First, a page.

The move comes after last month’s attacks on the military.
On Oct. 20, Warrant Officer Patrice Vincent, 53, was killed in a deliberate hit-and-run attack in St-Jean-sur-Richelieu.
Two days later, Cpl. Nathan Cirillo, 24, died in a shooting at Ottawa’s National War Memorial.
“We had a trip that was planned for Ottawa. A number of schools were going to a Remembrance Day ceremony — getting on a bus. They were very excited. We've done this many years, but it was an automatic after that happened to cancel that field trip,” said EMSB spokesman Michael Cohen.
Three schools in Laval, which worked together to organize a trip to Ottawa for 22 of their students, also cancelled.
School administrators have been told to hold more subdued ceremonies and avoid marking the moment in public places.
That means for the first time in about 10 years, EMSB students at Roslyn Elementary School in Westmount won’t be marching to the Westmount cenotaph on Remembrance Day.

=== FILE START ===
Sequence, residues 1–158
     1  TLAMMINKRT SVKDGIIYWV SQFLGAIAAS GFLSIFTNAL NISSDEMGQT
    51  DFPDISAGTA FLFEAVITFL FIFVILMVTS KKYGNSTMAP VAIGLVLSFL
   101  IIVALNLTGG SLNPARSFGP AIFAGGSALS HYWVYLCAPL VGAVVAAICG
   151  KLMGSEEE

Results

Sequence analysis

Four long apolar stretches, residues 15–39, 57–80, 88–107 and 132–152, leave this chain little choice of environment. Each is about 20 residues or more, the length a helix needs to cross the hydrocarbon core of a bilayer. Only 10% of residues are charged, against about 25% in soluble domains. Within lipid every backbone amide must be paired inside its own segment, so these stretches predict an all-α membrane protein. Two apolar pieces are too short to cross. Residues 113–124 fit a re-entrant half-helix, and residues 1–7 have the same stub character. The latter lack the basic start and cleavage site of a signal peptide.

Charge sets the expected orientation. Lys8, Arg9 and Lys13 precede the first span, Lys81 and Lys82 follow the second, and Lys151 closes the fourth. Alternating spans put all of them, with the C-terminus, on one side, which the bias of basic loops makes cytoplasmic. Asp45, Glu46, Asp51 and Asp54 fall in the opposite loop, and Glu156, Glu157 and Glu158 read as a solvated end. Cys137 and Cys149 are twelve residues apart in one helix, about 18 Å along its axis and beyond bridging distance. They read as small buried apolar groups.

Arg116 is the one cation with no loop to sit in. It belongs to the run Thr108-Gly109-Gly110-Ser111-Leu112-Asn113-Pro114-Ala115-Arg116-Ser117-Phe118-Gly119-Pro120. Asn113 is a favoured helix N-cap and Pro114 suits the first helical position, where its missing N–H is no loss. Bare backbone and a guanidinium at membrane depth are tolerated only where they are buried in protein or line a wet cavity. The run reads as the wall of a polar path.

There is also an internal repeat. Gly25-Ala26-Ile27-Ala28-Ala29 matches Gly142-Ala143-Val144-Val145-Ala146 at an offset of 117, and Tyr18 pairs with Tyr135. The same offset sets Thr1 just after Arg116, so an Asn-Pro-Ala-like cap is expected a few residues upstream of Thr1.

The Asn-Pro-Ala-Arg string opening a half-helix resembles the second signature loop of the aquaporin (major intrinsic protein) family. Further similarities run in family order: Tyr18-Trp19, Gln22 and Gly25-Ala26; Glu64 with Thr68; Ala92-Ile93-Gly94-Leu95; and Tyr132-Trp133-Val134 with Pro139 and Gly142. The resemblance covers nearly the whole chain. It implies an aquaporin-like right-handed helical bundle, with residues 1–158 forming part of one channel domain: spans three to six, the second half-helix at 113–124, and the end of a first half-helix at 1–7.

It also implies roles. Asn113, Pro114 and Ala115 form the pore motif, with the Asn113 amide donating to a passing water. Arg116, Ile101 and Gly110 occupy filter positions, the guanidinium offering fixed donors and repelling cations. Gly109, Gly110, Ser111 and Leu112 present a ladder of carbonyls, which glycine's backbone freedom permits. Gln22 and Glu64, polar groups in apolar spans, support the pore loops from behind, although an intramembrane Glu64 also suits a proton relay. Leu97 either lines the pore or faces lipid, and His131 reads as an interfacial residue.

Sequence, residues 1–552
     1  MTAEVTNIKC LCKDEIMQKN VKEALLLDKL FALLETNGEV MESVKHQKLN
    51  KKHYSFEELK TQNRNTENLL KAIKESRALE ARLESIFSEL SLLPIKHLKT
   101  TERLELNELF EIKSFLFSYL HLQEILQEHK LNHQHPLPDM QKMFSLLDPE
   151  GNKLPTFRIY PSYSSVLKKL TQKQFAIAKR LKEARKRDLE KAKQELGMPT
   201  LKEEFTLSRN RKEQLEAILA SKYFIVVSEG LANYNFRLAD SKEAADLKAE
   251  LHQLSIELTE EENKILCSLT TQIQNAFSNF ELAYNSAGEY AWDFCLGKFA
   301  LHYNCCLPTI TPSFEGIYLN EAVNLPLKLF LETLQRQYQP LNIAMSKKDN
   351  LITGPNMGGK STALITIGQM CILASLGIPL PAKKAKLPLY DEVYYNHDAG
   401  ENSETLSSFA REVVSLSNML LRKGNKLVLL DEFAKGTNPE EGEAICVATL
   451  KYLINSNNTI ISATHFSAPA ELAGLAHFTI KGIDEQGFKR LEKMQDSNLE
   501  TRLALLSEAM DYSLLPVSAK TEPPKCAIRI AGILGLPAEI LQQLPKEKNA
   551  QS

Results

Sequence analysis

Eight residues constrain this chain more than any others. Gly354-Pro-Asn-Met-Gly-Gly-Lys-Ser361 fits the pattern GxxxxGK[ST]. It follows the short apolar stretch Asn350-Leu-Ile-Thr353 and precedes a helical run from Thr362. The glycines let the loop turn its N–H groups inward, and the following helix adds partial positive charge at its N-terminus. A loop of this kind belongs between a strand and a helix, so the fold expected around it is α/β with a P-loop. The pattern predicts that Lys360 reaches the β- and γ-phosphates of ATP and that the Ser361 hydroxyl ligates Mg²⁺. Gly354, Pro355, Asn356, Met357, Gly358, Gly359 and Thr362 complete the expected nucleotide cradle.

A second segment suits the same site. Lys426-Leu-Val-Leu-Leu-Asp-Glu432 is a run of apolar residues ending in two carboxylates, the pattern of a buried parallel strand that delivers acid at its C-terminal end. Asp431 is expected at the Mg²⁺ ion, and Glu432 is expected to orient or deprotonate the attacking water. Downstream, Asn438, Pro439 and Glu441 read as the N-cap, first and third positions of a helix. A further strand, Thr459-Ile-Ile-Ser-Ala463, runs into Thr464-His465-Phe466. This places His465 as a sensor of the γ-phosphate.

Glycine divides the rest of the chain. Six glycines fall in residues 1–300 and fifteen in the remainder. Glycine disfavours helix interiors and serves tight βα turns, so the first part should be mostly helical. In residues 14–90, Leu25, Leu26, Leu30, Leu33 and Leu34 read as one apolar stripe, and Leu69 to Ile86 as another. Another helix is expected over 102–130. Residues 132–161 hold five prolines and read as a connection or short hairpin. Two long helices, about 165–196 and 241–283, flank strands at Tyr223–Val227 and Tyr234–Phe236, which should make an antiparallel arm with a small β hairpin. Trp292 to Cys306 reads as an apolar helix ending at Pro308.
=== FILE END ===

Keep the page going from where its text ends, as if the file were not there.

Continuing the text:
“The school board is being extremely vigilant and they want to make sure security is the number one concern. So we've been asked to hold local events…We're doing a number of activities, all of them in-house — primarily assemblies,” said principal Nick Katalifos.
School board officials say there's no reason to think more attacks are coming — they’re just being cautious.
Some parents, like Ayanna Bryan, say the board is being too cautious.
“I think we should be brave. We should allow our kids to be brave too and never celebrate in silence … They’re not doing a service to our kids by not allowing them to participate and remember. There are bad people, but there are also very good people who fought for us to enjoy the freedom that we enjoy,” Bryan said.
The EMSB said this year’s private ceremonies won’t be a permanent tradition and that things will go back to normal next year.Suggest a correction